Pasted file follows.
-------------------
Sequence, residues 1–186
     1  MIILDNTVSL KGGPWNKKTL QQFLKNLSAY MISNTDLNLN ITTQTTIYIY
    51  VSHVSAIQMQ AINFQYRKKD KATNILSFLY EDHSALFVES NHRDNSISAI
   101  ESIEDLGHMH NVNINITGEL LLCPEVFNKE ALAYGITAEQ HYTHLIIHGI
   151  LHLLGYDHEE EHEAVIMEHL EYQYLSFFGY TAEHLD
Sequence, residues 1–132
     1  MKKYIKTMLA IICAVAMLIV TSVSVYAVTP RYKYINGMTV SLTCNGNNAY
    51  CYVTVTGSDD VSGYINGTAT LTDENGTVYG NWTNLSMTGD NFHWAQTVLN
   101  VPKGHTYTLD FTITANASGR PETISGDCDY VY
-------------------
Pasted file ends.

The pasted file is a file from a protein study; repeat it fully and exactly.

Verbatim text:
Sequence, residues 1–186
     1  MIILDNTVSL KGGPWNKKTL QQFLKNLSAY MISNTDLNLN ITTQTTIYIY
    51  VSHVSAIQMQ AINFQYRKKD KATNILSFLY EDHSALFVES NHRDNSISAI
   101  ESIEDLGHMH NVNINITGEL LLCPEVFNKE ALAYGITAEQ HYTHLIIHGI
   151  LHLLGYDHEE EHEAVIMEHL EYQYLSFFGY TAEHLD
Sequence, residues 1–132
     1  MKKYIKTMLA IICAVAMLIV TSVSVYAVTP RYKYINGMTV SLTCNGNNAY
    51  CYVTVTGSDD VSGYINGTAT LTDENGTVYG NWTNLSMTGD NFHWAQTVLN
   101  VPKGHTYTLD FTITANASGR PETISGDCDY VY